Thinking outside of the box: Applying psychology and social sciences majors to multiple industries

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By: Emilio Lorenzo and Emily Tasca

Emilio Lorenzo is the assistant director of career advisement in NSU’s Office of Career Development. He understands the importance of helping students reach their career goals and works with all students, including undergraduate, graduate and professional level students, to achieve their professional goals.

Emily Tasca is a member of the career advisement team in NSU’s Office of Career Development. She works with current students and alumni at the undergraduate, graduate and professional levels.

In today’s globalized world, the need for a Swiss Army Knife approach to skills, abilities and knowledge is more advantageous than ever. Just like a Swiss Army Knife can assist a savvy hunter in a multitude of settings and situations, a Swiss Army Knife approach to your career is an asset for an organization, because you will have not just the ability but the flexibility to use a variety of skills to reach desired outcomes. One common denominator you will find in the majority of every growing industry is “people.” Regardless of your job title, you’re going to be working in settings that will challenge you to communicate effectively, work collaboratively with others, embrace the diversity of others and be able to think critically while solving problems with an analytical mindset.

In the majority of today’s college majors, like accounting, marketing or finance, you are learning hard skill sets in your courses that relate directly to the industry. However, very rarely do you hear how these majors prepare a student for the real world. Soft skills are not only needed, but employers regularly identify them as important to the success of an organization and the value of a position. Psychology and other social science majors live in a paradigm that is opposite of those majors stated above. Within these majors, instead of learning hard skill sets that can be applied to one specific industry, students often gain a variety of transferable soft skills that can be utilized in many different industries and contexts.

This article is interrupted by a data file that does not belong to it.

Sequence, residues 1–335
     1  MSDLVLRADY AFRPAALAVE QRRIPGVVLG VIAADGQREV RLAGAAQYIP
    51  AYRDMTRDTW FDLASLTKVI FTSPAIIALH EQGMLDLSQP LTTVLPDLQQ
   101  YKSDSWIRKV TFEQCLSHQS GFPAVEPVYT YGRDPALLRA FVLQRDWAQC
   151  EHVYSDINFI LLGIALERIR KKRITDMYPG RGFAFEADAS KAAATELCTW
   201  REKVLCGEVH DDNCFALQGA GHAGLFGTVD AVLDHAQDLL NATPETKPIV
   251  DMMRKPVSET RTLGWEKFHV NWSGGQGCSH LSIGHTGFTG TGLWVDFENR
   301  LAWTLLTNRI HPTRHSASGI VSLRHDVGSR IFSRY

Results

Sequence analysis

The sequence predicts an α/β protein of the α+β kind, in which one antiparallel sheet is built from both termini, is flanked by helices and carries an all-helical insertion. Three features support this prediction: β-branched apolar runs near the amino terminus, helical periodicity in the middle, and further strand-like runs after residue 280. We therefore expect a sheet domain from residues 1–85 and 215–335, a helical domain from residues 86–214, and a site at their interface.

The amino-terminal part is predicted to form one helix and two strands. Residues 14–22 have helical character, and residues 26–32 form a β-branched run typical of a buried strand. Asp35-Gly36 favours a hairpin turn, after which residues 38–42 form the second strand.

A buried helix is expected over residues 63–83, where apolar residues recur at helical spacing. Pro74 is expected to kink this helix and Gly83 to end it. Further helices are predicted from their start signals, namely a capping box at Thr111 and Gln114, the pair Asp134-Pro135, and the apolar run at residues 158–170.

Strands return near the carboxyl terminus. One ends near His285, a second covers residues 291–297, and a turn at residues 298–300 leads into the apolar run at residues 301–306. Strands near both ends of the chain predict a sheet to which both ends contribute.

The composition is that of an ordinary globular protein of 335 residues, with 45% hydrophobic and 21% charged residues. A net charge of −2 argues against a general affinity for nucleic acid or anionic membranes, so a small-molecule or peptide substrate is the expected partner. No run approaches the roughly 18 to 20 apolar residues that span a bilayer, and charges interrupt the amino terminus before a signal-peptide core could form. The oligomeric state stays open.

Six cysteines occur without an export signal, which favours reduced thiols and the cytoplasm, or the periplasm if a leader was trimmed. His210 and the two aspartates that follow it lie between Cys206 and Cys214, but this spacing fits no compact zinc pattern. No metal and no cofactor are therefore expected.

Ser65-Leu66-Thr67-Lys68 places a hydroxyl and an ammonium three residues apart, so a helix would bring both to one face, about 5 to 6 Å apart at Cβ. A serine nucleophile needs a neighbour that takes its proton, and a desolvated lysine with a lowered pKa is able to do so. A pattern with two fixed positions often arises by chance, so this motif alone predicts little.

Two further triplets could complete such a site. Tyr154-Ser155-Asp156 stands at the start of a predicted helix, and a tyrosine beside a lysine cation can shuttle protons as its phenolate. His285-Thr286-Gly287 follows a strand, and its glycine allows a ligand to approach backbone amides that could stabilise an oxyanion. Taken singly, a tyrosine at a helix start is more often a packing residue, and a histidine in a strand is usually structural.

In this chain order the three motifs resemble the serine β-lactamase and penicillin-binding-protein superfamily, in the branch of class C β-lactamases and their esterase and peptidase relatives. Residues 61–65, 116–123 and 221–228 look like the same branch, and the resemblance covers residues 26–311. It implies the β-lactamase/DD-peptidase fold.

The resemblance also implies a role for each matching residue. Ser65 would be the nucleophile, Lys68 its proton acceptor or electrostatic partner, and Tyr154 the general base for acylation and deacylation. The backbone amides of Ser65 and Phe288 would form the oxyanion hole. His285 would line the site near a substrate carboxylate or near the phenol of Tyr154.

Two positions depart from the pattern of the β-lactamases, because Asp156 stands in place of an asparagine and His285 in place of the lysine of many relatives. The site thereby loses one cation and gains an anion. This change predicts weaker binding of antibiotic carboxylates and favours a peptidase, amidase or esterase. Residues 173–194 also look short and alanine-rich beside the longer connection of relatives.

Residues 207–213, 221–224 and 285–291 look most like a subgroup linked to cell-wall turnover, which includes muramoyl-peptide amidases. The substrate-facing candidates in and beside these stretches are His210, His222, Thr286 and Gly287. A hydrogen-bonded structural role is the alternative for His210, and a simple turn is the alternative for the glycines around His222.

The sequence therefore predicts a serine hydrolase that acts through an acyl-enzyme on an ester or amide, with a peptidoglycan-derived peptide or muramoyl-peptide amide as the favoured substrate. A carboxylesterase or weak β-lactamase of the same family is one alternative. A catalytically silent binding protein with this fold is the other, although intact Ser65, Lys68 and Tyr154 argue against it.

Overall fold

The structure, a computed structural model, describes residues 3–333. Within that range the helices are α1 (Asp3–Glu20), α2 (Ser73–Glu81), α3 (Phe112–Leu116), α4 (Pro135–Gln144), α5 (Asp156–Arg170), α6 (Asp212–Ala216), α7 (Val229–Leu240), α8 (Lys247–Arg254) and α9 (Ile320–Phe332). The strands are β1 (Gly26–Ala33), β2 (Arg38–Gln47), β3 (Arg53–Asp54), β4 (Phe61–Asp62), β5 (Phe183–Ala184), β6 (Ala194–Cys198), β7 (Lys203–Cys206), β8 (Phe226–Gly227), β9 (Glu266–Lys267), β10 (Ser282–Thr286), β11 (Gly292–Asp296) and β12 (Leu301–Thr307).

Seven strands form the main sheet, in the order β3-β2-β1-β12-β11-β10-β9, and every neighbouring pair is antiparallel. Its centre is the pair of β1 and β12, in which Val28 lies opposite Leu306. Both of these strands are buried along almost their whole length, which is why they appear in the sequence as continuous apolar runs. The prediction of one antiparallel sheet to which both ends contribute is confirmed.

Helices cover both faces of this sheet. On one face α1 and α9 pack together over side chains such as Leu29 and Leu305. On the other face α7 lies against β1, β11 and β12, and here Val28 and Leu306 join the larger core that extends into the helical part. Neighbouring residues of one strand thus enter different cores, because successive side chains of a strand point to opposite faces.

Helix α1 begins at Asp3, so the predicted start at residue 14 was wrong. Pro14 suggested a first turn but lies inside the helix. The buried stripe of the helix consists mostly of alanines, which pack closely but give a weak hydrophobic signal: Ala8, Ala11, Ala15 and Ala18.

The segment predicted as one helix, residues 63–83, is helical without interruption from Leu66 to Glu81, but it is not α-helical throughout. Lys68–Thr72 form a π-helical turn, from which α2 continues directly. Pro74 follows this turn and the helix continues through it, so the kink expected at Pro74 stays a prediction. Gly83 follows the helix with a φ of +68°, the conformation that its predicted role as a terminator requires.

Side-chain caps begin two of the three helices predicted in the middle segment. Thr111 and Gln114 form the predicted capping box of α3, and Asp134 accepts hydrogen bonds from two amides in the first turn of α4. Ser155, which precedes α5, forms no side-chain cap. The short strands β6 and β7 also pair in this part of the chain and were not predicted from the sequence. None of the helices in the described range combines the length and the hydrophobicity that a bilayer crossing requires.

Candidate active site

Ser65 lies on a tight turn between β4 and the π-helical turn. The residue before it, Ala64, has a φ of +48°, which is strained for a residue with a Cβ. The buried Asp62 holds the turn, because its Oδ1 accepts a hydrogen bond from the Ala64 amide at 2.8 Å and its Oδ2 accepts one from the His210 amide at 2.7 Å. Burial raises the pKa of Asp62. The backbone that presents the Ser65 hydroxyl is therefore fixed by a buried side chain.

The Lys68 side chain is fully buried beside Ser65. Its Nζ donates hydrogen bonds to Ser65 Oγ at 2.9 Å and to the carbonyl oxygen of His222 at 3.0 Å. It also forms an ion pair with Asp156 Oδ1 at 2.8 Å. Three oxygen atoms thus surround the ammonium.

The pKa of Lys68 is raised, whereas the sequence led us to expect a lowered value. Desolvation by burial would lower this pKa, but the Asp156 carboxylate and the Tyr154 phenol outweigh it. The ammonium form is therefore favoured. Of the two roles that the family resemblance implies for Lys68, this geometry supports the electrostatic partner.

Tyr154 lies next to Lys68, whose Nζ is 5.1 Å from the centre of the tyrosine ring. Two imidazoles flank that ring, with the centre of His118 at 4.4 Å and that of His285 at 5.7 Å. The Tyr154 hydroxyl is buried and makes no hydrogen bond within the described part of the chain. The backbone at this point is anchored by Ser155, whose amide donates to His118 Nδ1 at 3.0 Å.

Although this major can be seen as a challenge at times because it’s not always a directly laid-out path for your career goals, it puts you in a position where many lucrative doors will open based on the value you can add. A social science background also provides you a chance to further explore your passions. For example: If you are a psychology major, but after seeing the counseling industry up close you decided it was not the best fit. However, through your courses and experiences you came to gain a better understanding of how to communicate effectively orally and in writing, analyze situations strategically and work through conflict appropriately. These skills can be applied to a variety of industries.. In human resources such skill sets can be applied when leading trainings for new hires, writing or communicating policies within an organization or in diffusing situations within a workplace that require an objective mindset and systematic approach to following company procedures.

Connecting the dots for the employer is key. Just as we were able to help you understand how a psychology background can be useful within an human resources setting, you must able be able to articulate such connections to the employer in your resume and through interviews. A good rule of thumb when evaluating a job or career is to put yourself in the shoes of the hiring manager: “If I was going to hire for this position, based on what I know about the industry, what are the key skills, knowledge and abilities I would be looking for?” Although some of these abilities will seem obvious, like communication and problem solving, remember to read between the lines as well. If, for example, you are working as a manager in a business, then chances are the team you manage is going to be very diverse. Therefore, dealing  with and embracing diversity becomes an importance factor for this position. Coming from a social science background provides a better understanding on different cultures, and, more than anything, gives you a handle on what makes people tick, which can be key when dealing with as well as mediating conflicts.

Outside of assisting with your on-the-job success, a social science background can also put you in a better position to be successful within a graduate program. Social science as an undergraduate major challenges you to think and act on multiple fronts including analyzing situations, developing arguments, gathering resources to support your stance and then presenting findings in a comprehensible manner through writing. The level of work expected of a graduate student is exponentially higher than that found in your undergraduate years. Being accustomed to this type of work as an undergraduate will provide the necessary foundation for success in graduate school.  As a whole, based on the nature of work involved with studying social science concentrations, students will be able to communicate at a very high level. This is impressive for employers, because in many jobs you have to take complex concepts and articulate them in understandable terms, whether to customers, new employees or at times supervisors.

Overall, every major has its benefits and will provide foundational skills needed to reach your career goals. Social science majors take a Swiss Army Knife approach to building a broad set of transferable skills. This type of development provides the student with freedom to make a career change but has prepared them to be successful in their next career chapter.

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